Kilcoyne: They’ve Delivered A Lot For Irish Rugby, It Was A Fitting Send-Off
By Daire Walsh
Loosehead prop Dave Kilcoyne said Ireland were determined to give a big send-off to head coach Joe Schmidt, captain Rory Best and scrum coach Greg Feek during their respective Aviva Stadium swansongs this afternoon.
Having trailed 10-7 at the break, the hosts grabbed tries on the resumption through Tadhg Furlong and man-of-the-match James Ryan to complete a 19-10 win and a home-and-away double over Warren Gatland’s Wales.
The result ensures Ireland will depart for Japan on Wednesday on the back of three warm-up victories out of four, as Kilcoyne reflected: “I think it was definitely a more positive performance. As the Summer Series has gone on, I think we’ve built our performances which is exciting going into the World Cup.
“Not just the Joe (Schmidt) factor, Besty (Rory Best) and Feeky (Greg Feek) too. Feeky probably doesn’t get enough credit as well. Especially what he does for the front rows.
“It’s a lot of the lads’ last game in the Aviva, so we really wanted to put in a big performance, a big Irish performance for them. They’ve delivered a lot for Irish Rugby over the last number of years and I think it’s a fitting way to see their last performance in the Aviva.”
It was not all plain sailing for Ireland on the day. After initially setting the tone with Rob Kearney’s deadlock-breaking try in the 21st minute, they were subsequently pegged back by Hadleigh Parkes’ seven-pointer just past the half hour mark.
However, the power and dynamism of the Irish replacements ultimately told, with Kilcoyne’s introduction at the break helping to provide them with extra impetus. He was later joined in the front row by Sean Cronin and Andrew Porter, while Iain Henderson and Rhys Ruddock also enjoyed fruitful cameo appearances in the pack.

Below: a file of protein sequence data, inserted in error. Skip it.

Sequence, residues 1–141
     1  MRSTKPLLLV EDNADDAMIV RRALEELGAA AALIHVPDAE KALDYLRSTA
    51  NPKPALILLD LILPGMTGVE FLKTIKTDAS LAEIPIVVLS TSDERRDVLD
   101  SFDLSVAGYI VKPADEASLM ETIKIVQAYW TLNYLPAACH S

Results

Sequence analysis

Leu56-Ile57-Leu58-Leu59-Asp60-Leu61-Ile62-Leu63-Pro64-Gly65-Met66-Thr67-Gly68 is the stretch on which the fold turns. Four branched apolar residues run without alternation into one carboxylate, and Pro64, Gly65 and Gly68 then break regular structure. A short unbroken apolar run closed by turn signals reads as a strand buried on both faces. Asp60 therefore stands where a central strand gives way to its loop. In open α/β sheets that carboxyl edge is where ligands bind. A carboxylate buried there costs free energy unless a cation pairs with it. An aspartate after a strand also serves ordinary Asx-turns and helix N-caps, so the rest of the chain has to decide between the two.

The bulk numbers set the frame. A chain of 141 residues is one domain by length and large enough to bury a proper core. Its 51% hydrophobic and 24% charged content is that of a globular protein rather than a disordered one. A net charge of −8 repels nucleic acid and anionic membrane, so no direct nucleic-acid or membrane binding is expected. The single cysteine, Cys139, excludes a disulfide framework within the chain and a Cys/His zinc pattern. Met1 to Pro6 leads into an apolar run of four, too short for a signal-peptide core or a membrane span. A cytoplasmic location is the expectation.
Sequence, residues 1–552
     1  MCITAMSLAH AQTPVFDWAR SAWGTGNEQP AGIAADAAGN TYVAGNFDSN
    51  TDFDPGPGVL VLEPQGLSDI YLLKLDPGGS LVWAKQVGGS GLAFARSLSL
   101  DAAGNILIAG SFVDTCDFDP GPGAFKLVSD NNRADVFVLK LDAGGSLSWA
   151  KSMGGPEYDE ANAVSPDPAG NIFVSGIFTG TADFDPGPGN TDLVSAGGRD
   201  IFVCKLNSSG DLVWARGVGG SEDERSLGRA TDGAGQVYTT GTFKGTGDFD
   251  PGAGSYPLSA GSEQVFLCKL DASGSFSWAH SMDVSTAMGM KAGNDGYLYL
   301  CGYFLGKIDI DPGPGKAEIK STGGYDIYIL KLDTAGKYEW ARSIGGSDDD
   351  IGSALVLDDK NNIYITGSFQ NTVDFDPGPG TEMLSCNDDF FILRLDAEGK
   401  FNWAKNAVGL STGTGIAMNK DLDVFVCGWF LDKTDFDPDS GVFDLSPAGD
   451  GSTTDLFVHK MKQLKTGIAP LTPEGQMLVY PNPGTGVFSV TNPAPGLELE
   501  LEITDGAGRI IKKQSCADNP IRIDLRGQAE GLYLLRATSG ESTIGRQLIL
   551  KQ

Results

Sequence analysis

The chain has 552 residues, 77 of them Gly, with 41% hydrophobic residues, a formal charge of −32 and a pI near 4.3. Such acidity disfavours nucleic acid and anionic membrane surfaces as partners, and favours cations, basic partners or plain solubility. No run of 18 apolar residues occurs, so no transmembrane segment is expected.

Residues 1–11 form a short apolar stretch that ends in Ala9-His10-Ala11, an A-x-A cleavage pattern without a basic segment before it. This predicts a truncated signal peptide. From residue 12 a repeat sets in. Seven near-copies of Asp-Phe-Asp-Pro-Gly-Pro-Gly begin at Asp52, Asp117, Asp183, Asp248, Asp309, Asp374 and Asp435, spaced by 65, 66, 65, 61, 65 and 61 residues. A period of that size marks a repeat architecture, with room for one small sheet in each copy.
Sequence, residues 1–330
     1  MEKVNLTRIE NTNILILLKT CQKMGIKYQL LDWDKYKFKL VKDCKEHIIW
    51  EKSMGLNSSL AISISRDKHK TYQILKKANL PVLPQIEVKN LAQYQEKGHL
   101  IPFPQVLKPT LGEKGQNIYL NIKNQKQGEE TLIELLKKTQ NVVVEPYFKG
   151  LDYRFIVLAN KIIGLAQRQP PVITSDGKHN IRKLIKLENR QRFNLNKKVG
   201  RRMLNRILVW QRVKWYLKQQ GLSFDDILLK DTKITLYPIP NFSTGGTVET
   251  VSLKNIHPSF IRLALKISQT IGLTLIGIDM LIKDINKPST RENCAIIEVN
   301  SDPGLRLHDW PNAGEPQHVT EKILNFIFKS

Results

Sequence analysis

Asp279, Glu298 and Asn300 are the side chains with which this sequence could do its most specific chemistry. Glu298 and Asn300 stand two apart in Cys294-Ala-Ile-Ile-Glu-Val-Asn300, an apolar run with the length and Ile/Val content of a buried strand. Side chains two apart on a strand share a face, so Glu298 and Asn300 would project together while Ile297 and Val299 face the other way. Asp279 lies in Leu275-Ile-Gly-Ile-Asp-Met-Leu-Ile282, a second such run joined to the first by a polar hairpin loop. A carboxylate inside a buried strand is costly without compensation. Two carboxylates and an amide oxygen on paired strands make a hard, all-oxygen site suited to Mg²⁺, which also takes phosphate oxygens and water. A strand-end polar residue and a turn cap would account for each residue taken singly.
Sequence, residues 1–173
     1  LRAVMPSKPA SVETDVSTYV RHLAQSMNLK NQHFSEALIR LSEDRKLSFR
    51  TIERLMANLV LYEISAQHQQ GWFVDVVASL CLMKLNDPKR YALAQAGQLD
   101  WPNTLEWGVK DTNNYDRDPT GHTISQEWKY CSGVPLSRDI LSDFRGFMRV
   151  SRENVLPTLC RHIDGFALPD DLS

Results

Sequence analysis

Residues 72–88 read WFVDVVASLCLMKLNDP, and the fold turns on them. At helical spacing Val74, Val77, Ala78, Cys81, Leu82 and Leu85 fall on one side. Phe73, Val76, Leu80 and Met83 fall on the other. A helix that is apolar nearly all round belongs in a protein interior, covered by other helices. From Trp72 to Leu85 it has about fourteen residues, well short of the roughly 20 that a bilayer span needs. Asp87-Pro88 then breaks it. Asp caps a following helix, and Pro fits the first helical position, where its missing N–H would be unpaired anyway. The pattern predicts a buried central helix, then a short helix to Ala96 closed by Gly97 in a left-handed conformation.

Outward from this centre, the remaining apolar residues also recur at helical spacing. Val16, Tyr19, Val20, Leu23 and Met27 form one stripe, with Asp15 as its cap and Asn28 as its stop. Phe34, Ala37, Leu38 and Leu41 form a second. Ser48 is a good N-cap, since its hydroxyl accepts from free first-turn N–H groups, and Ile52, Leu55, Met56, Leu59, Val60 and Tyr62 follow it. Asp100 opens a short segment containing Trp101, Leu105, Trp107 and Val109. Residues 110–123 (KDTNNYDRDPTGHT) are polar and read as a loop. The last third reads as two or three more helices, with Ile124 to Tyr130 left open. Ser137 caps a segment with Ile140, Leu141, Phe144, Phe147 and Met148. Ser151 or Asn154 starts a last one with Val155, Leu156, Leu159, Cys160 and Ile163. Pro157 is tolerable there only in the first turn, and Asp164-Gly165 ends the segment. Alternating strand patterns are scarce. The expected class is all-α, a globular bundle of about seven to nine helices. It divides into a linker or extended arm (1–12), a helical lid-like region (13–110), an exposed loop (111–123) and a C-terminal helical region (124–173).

For Kilcoyne, overcoming obstacles is part and parcel of modern day rugby and bench players must know what is required of them in any given scenario. He has won 23 of his 30 Ireland caps so far as a replacement.
“I suppose that’s rugby. It’s about putting yourself back in battles. There’s battles and you just keep putting yourself in more and keep showing up. I think we did that and as the second half went on, I think we won more of those battles than we lost.
“That’s the nature of the way rugby has gone. It’s down to the individual as well, I don’t think it’s just down to the bench. Everyone needs to be completely nailed on, completely ready to go and completely deliver on what they’re asked to do on the day. Hopefully that’s enough to get the win on the day.”
Since the disappointment of a 42-point defeat to England two weeks ago, Ireland have knuckled down with a couple of encouraging displays against Wales. While acknowledging their performance in Twickenham fell well below the required standard, Kilcoyne believes turning a negative into a positive has provided Ireland with real momentum heading into the World Cup.
“That’s definitely something in professional sport you have to be equipped to do. You can’t dwell on it, we’re a next-moment team. You keep looking back, you never go forward and you get lost back there. After the England game, it was about finding out where we were short, why we were short. Putting a plan in place to remedy that. I thought we did that.
“Fortunately it has been building nicely and we’ll find areas where we were off today, put work-ons for them. That’s professional sport. It’s (about) constantly getting better. You’ve got to have that mentality, you constantly need to improve.
“I thought we were poor against England, there’s no point in denying it. We lacked hunger and physicality, which was the most disappointing thing. You’ve an incredible defence coach in Andy Farrell and we all knew that our defence was off that day. Thankfully, over the last couple of weeks, that’s really picked up. Hopefully we can bring that into the World Cup and bring that really aggressive defence.”
While the competition for places is ferocious right across the Ireland squad, the battle for the prop positions in Schmidt’s World Cup selection has been particularly intense throughout the pre-season period.
Kilcoyne found himself facing off with two British & Irish Lions – Cian Healy and Jack McGrath – for the number one jersey, but his form at provincial and international level in the past twelve months was too strong for Schmidt to ignore.
“There’s two Lions and myself looking for that number one spot. I suppose that’s a good headache for the coaches. Fortunately I’m not in that position of picking the team. You just deliver as best a performance as you can to help everyone else around you look good. Look good in an Irish shirt and deliver a performance worthy of an Irish shirt,” he added.